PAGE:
Friday, April 5, 2013

Complication of Epidemiology - Environmental factors

I'll start with the story of DDT and its effects on the top of the food chain in the avian  world.
DDT was never sprayed on the eagle, nor was it sprayed on the fish that the eagles eat,
nevertheless, the eggs had trace amounts of DDT in them and it affected the thickness of the shell causing the eggs not to mature.
The source?  Farmer spraying fields of plants, draining off into the streams, insects with DDT being consumed way down the food chain by small water dwelling animals, which were consumed by still larger fish until the size was large enough for an eagle to catch.
Think about it, that is a long way to travel.
We know, from other countries experience, that Arsenic can cause cancer, but at fairly high levels, but what about low levels?
We know from the non-smoking Uranium miners in Colorado and Utah that radon in very high levels can cause lung cancer.  Reports and studies on low levels when i studied them were mixed as were the studies on radon in water (even more so because some studies showed an inverse relation between cancer and high levels of radon in the water).
Then there was the study that the US EPA did on tree milling areas where there would be a very fine dust produced.  The study found that those workers who also worked producing methanol were not only NOT effected, but that the methanol vapors mitigated other factors such as smoking.
There is thee issue of asbestos, in the medium small particle range, causing a very bad disease, which is a direct cause and effect, or manganese which caused a mercury like brain problem when consumed in high quantities and of course a long history of problems with mercury itself.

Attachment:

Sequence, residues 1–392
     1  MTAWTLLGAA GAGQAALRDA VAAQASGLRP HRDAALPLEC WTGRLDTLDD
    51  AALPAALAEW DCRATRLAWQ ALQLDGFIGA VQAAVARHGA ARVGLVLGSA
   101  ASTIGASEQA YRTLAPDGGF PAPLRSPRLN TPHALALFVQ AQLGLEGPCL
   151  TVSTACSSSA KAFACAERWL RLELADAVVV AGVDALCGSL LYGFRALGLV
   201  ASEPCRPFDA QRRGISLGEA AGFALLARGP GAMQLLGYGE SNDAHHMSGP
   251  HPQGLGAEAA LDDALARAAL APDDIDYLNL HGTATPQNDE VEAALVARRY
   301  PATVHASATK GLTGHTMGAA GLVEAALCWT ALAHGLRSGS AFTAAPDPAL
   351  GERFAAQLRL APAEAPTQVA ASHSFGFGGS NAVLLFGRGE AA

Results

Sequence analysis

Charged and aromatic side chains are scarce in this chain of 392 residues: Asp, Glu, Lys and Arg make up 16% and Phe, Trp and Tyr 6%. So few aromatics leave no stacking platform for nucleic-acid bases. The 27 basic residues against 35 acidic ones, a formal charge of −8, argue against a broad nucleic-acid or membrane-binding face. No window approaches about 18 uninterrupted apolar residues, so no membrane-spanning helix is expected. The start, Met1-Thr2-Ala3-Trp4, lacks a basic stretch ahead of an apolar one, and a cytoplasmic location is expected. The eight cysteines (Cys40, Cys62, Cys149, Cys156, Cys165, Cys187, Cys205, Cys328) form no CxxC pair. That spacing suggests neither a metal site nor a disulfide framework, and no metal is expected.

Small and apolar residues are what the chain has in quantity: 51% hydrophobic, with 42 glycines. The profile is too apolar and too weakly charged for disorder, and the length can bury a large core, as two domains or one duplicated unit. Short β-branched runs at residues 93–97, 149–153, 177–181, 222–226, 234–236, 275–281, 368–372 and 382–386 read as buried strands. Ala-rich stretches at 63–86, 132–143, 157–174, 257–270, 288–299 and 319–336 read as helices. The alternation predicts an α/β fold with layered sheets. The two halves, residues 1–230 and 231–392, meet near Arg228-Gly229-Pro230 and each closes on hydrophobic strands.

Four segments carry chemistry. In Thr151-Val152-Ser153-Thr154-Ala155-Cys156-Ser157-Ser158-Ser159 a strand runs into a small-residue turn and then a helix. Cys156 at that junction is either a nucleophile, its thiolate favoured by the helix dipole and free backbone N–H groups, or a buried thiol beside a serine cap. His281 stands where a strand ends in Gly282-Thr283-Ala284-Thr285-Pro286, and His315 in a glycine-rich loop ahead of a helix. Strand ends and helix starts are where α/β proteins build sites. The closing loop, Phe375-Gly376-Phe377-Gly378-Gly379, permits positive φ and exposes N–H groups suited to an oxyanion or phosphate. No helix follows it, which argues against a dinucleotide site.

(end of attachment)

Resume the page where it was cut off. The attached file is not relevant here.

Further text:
Then we go to small levels of the next generation of pesticides after DDT, Aldrin (active component is dieldren) and chlordane.  Dieldren has been described in literature as something that would assist cancer production if there is something else which would cause cancer.  Chlordane is a concern for the endocrine system.
Now we get into the difficult stuff, pesticides have been found to effect immune systems at low levels and affect autoimmune diseases a generation down.
The issue with environmental factors is that they are complicated, small amounts of dieldren might not affect a person, but maybe their children or maybe a high dose of radon or a small dose of arsenic might be a trigger.
Eating process foods might be a factor.  Other pesticides in foods might be a factor.  Using chlorine bleach might be a factor.
Occupational exposure to ozone from a copier might be a factor or excess car exhaust from long commutes may play in to the equation.
One thing the US EPA did right is they talk about life time exposures to substances, but it can also be combination of things that could be factors.
This is why straight epidemiology does not work well in these situations, but it is the only tools we have.
This is complicated and direct connections are often hard to find.